FLORHAM PARK, N.J. – With virtually every coaching job in any sport, at any level, in any year, there is almost always a honeymoon period, a feeling-out process where said coach is free of the criticism and second-guessing that eventually crops up once the games roll around.
In the case of Adam Gase, the honeymoon is over before he even sets foot on the sideline in a training camp practice.
The Jets’ coach is already at the center of controversy in the wake of general manager Mike Maccagnan’s firing. He has been ripped by fans who think he backstabbed Maccagnan and prompted CEO Christopher Johnson to choose the coach over the GM. He has been scorned on social media and criticized for his motives. And on Thursday, during his first full session with reporters since Maccagnan’s ouster, there were plenty of testy exchanges between Gase and reporters inquiring about reports of infighting that led to the GM’s ouster.
That may have been the most short-lived honeymoon in sports history.
But none of it seemed to matter to Gase, who didn’t seem to mind the back-and-forth that came with the questions and skepticism that came his way during a 14-minute media session. He pushed back against the notion that he was behind the firing; that was all Johnson’s call, Gase said. He refuted the suggestion that he doesn’t want running back Le’Veon Bell on the team because the Jets paid him too much on his $52.5 million free agent deal. And he insisted that there was no personal animosity with Maccagnan, even though the two men disagreed on some football-related decisions.
“It’s part of the job,” he said. “If you’re not disagreeing, am I doing my job?”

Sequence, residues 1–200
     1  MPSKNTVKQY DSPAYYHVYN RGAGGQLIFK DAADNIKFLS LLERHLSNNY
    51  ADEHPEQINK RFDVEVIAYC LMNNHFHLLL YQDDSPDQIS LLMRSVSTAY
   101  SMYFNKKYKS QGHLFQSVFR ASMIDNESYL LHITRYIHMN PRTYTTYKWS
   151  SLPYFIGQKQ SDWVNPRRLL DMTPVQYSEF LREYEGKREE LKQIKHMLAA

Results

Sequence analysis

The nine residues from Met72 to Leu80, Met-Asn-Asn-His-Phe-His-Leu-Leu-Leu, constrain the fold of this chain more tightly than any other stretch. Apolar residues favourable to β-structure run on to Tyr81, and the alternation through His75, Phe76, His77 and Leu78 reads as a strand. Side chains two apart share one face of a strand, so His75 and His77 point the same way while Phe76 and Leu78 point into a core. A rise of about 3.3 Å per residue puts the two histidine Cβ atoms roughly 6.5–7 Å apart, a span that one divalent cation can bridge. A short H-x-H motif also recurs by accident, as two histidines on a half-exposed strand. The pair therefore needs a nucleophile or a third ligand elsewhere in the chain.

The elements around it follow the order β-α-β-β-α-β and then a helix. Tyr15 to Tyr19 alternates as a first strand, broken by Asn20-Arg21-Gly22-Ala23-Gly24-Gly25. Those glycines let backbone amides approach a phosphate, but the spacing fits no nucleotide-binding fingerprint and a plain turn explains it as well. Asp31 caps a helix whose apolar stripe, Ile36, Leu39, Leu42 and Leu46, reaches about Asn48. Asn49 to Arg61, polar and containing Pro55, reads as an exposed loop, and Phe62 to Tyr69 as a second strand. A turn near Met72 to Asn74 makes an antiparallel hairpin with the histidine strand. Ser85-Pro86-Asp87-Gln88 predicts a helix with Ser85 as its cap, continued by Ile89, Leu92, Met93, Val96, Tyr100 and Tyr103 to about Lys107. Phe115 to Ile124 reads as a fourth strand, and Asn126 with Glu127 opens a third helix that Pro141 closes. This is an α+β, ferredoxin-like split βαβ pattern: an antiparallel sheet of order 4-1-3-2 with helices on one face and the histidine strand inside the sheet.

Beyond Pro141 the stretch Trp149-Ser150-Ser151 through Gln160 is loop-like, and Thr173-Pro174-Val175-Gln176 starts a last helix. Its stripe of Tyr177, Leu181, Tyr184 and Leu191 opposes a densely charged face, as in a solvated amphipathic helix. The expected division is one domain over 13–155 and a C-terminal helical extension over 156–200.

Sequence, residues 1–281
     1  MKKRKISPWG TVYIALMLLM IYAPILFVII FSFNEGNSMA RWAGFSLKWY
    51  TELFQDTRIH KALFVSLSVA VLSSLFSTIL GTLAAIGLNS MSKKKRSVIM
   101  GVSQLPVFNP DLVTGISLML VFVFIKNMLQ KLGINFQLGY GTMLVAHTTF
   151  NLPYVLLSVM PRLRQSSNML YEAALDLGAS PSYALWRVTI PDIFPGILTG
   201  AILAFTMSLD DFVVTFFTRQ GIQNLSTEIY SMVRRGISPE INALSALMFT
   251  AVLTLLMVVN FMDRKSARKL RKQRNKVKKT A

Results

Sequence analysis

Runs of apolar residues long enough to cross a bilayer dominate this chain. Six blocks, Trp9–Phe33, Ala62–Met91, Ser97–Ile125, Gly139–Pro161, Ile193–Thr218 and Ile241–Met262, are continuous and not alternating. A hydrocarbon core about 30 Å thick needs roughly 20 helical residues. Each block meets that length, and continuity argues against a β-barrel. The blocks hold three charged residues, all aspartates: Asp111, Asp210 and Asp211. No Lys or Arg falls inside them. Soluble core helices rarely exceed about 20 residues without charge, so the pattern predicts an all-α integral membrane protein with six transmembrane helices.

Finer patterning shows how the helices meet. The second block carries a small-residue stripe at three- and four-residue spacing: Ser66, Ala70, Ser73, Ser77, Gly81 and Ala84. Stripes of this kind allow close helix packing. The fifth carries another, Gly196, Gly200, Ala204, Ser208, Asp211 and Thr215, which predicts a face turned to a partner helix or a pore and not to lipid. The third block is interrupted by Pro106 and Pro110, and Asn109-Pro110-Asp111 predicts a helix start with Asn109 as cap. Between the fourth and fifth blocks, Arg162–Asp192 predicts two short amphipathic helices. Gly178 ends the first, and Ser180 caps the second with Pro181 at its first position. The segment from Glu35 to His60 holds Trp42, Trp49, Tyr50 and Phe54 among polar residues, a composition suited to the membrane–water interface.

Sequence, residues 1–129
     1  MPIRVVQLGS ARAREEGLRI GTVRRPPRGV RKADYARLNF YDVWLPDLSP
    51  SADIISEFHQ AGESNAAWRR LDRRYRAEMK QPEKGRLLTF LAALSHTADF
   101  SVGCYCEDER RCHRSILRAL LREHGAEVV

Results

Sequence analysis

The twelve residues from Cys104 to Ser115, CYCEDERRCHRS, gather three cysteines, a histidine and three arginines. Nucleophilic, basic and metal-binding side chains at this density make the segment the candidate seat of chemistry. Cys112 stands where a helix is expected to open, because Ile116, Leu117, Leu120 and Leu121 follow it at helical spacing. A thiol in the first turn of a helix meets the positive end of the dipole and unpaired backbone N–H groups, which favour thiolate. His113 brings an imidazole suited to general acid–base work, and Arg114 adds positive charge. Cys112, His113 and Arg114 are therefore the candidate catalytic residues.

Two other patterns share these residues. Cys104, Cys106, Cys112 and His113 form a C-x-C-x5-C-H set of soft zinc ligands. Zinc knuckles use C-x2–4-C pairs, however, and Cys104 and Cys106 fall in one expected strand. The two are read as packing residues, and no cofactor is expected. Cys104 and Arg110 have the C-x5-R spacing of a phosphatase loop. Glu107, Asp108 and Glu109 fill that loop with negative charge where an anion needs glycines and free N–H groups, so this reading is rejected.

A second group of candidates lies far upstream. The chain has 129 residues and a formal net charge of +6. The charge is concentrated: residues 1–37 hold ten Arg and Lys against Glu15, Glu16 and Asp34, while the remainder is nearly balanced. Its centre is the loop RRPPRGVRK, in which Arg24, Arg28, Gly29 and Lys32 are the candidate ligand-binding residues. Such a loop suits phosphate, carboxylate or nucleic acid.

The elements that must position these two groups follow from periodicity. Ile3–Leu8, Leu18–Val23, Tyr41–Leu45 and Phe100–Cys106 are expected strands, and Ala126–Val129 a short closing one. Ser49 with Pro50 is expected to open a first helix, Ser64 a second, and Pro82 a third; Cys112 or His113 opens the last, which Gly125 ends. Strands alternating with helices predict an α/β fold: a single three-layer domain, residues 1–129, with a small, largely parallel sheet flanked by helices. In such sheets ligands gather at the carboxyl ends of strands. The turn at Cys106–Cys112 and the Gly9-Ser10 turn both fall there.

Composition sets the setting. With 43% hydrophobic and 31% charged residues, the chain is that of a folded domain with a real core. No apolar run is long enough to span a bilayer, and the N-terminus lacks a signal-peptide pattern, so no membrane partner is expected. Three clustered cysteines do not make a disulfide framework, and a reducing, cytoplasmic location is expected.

This is the time of year when coaches speak in platitudes about their teams, when optimism comes in heaping doses with the regular season so far off in the distance. The players work out in helmets and shorts, and the practices are spirited and cheerful.
The Gase inquisition was a reminder that the front-office tumult will require time to sort through, and that only after a replacement for Maccagnan is hired can the controversy begin to fade. But Gase did provide an early glimpse of what life will be like around here, and he made it clear that he will not shy away from his reputation as an alpha male unafraid to mix it up when he feels he must.
When it was suggested that the optics of Maccagnan’s demise and Gase’s thirst for power weren’t optimal, the coach said, “That’s fine. That’s what I get paid for. I get paid to take all the bullets.”
In less than 15 minutes, Gase may have been more combative than Todd Bowles was over his four-year run as head coach. There is surely more to come.
Gase now coaches in the most intense market in the NFL, and he has learned quickly that the scrutiny will lead to some dicey moments. The fact that he doesn’t mind pushing back at the controversy – in fact, he almost seems to embrace it – suggests we may be in for another Rex Ryan-type era. Gase may not come close to Ryan’s in-your-face quotes, and there’s little chance he’ll pull off news conference shenanigans like Ryan.
But Gase has already shown that he doesn’t mind parrying with the press, even if he doesn’t have the jokes and magnetic personality to go along with it.
More importantly, the players don’t seem negatively affected by the controversy surrounding the coach.
“Business is business,” third-year safety Jamal Adams said of Maccagnan’s firing. “I’ve been here for two years, I’ve heard it all. It doesn’t bother me. We’re not focused on that. That’s outside noise. All we can do is focus on what’s in the building.”
Gase himself knows the bottom line is what happens on the field.
“Our fans care if we win or lose,” he said. “We win games, nobody’s going to remember this. Our job is to win.”
He’s right about that. If Gase is truly a quarterback whisperer who brings out the best in Sam Darnold and leads the Jets back to respectability, and if he ends up with a general manager to carry out his vision of success, then none of this will matter.